Have you ever thought about fasting during Ramadan as a non-Muslim? For many non-Muslims, fasting during Ramadan may seem daunting or difficult to understand, but for one business owner in Japan, the experience has been eye-opening. Meet Yoshito Arima, who owns two halal-certified Japanese snacks companies based in Japan and Malaysia.
As a non-Muslim business owner selling halal snacks to Southeast Asia, Yoshito wanted to better understand his Muslim customers' religious practices. "Fasting is one of the ways that I can do to understand the Muslim community," he explained. "Last year I started to be more active on social media where now I've reached 66k followers, and this social media also makes me feel that I need to understand the Muslim people, more than just being a business."
Yoshito found the experience of fasting during Ramadan challenging but exciting. "The first day was challenging but exciting," he said. "But the second and third day of Ramadan was quite tough and I was quite irritated too. I found myself walking around my house because I didn't feel calm. But after five or six days I was feeling much better."
To prepare for the day of fasting, Yoshito did his research on social media on what to eat especially for sahur and breaking fast. "A lot of my followers suggest eating dates as they are sunnah," he said.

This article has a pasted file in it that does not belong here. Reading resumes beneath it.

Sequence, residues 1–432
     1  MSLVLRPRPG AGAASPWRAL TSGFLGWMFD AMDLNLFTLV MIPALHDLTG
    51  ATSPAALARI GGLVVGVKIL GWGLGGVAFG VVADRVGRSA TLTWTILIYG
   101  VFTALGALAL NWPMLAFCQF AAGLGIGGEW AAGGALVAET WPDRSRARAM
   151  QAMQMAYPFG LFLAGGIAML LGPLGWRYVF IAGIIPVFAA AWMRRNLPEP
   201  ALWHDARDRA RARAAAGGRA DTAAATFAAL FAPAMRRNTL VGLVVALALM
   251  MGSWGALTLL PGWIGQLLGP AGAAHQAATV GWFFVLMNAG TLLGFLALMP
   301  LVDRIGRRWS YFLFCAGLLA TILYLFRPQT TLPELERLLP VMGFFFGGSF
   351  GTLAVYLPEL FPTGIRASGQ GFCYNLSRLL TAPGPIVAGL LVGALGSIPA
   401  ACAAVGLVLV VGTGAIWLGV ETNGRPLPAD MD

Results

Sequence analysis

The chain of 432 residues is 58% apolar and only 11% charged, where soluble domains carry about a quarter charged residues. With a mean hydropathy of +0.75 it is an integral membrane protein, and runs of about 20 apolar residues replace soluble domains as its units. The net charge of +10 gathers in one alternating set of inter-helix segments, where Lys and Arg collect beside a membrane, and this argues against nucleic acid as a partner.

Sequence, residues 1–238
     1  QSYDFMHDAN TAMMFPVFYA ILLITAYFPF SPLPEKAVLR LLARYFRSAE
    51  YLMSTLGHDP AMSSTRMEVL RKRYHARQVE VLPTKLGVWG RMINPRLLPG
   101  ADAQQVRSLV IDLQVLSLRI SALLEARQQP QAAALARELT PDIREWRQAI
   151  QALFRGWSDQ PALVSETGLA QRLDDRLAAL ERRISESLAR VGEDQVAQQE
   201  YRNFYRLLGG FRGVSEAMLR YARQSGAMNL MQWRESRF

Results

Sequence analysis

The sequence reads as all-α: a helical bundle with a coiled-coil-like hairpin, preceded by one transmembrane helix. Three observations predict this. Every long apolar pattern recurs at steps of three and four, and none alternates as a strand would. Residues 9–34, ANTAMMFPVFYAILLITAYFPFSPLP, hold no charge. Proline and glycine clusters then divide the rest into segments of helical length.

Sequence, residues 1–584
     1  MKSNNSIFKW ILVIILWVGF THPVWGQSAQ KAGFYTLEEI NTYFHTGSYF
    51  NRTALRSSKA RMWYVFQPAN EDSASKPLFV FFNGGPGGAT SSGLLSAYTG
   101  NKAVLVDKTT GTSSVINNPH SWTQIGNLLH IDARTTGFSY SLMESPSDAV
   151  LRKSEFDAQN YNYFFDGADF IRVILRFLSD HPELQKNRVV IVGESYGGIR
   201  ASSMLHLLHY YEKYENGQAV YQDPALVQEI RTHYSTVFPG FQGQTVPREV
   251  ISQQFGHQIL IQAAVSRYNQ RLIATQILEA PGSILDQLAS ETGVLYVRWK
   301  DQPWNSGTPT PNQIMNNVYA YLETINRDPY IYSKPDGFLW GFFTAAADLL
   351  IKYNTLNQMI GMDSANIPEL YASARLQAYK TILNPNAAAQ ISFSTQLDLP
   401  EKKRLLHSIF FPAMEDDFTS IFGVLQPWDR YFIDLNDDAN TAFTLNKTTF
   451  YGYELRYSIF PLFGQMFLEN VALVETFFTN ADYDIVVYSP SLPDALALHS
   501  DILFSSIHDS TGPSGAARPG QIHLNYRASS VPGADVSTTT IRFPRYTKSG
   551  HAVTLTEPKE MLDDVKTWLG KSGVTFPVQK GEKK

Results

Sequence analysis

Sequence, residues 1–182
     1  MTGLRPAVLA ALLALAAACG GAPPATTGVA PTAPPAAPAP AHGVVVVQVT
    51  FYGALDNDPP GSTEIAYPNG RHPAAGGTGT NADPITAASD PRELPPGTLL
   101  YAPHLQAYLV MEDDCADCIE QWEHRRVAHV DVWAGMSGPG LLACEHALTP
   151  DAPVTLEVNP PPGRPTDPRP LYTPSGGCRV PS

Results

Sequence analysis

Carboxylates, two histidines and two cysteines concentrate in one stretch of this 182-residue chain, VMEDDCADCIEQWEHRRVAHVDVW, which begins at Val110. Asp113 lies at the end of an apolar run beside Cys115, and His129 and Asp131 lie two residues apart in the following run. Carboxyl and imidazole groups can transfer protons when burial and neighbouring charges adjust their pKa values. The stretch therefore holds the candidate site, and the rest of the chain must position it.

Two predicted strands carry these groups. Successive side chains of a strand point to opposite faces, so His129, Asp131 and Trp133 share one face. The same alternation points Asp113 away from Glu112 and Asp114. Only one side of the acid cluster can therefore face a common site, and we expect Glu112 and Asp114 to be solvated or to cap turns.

When asked what he typically ate during sahur, Yoshito replied, "Leftovers and easy breakfast like bread and peanut butter. I also think carbs are important and I'd eat dates for sahur." He also shared that he learned to appreciate dates but can only take one or two dates because any more than that it's too sweet for him.
Despite hearing people say that fasting helps with weight loss, Yoshito didn't notice a significant change in his weight. "Hmm, not really. Because I think I eat quite a lot during iftar!" he joked. However, he did feel a bit sleepy and got sick around days 5 and 6 of Ramadan, which led him to break his fast. "I think the lack of nutrients and hydration led to getting sick because I'm not used to it," he said.
One of the biggest challenges Yoshito faced while fasting during Ramadan was travelling for work. "It's easier at home when you can cook your own food for sahur and iftar, but I need to plan in advance when I'm travelling," he said. Despite the challenges, Yoshito found ways to stay hydrated during the day. "I drink at least two glasses of water and pineapple as it contains a lot of water," he shared.
To break his fast at sunset, Yoshito tried to have more vegetables and healthier options during iftar. "Because Ramadan bazaars in Malaysia don't really offer healthy food," he said. He also shared his plans for breaking his fast that evening. "Tonight, I'm going to have Japanese nabe, like a steamboat with a lot of vegetables and chicken," he said.
Reflecting on his experience of fasting during Ramadan, Yoshito gained a new appreciation for food and the experience of hunger. "Now I understand how Muslims feel when they're fasting. Hungry, sometimes irritable and may be feeling a lot of things," he said. "I also realised that eating food makes me happy and many people do not have the same experience. So I'm grateful that I'm able to eat whatever and whenever I like."
Learn more about Yoshito: This Japanese Man Wants To Help Muslims Find Out Which Snacks Are Halal